I traveled to Indianapolis this past week. Prior to leaving, I determined how I would approach the TSA scanners and pat-downs.
Leaving Denver last Monday morning, I could see which line would run me through the so-called "naked body scanners" (actually, back-scatter X-ray imaging devices). I determined to avoid those lines and go through the usual/old-style scanners.
I made it. No problem.
Coming back from Indianapolis, however, was a different story.
There was only one line.
Now, no one in front of me was sent through the big scanner. Everyone was going through the old-style scanner.
The TSA woman motioned for me to step into the back-scatter imager.
I said, "I'd prefer to be patted down."
She calmly and quietly spoke into the radio microphone she had hanging from her shoulder: "We have an opt-out."
She then asked me to step aside and wait for a person who could pat me down.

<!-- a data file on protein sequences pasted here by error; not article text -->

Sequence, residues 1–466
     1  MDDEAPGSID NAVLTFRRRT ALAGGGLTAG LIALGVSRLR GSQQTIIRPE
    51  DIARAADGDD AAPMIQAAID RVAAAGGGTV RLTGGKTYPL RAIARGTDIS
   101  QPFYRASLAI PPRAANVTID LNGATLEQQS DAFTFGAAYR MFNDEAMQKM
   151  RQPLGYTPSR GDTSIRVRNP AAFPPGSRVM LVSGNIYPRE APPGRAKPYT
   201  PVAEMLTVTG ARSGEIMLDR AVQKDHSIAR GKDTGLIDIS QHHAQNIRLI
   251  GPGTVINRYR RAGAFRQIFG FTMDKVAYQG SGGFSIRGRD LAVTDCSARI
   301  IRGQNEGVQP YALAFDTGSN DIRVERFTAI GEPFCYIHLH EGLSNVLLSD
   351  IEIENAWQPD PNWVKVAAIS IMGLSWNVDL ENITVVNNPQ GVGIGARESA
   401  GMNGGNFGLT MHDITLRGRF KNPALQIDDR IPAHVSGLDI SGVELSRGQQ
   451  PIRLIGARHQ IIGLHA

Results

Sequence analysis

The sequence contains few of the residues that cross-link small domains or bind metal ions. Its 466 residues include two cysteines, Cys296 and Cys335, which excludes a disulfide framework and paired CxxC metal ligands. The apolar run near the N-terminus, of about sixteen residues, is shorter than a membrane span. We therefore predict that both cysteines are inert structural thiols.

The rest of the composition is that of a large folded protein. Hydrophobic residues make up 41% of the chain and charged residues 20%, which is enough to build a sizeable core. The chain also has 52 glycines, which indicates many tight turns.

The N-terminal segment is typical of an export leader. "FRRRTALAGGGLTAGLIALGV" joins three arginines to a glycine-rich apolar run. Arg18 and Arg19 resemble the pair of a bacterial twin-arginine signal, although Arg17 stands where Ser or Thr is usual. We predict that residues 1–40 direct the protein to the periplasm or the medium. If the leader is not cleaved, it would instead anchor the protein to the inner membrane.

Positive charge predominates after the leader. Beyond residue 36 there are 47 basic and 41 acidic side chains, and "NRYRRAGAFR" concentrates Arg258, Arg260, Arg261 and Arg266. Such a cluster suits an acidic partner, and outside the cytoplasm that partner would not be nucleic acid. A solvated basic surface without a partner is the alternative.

Very interesting what happened thereafter.
I had to wait about seven or ten minutes "extra" for the guy to come and be able to pat me down. And the pat-down itself took about a minute and a half or two minutes.
I was the only one whom he patted down in all that time.
But, it seemed, all of a sudden, that everyone else in line after me "had to" go through the full-body back-scatter scanner.
So I got to observe several--many--people going through the scanner.
And then--it blew me away--every one of them was then greeted by a TSA agent on "the other side" who proceeded to pat them down as well!
. . . I thought: "What good is the back-scatter imager if it has to be followed by a full pat-down as well? Why subject yourself to the extra radiation if you're also going to be frisked?"
I was happy I was only frisked.
Not super pleasant (to put it mildly), but educational . . . - *I originally published the following post in my personal blog. I am now (in 2016) republishing here those articles from my blog that have to do with the f...
3 years ago